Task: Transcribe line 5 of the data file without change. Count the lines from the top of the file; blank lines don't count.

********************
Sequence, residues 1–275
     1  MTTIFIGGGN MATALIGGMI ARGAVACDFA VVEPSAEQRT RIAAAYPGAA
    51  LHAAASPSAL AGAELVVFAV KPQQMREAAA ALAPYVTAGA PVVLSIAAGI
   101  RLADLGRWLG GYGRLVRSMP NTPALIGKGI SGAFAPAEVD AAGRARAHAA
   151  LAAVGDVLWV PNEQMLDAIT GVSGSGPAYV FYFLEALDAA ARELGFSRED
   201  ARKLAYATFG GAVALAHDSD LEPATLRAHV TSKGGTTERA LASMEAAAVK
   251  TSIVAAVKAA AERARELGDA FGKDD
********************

   151  LAAVGDVLWV PNEQMLDAIT GVSGSGPAYV FYFLEALDAA ARELGFSRED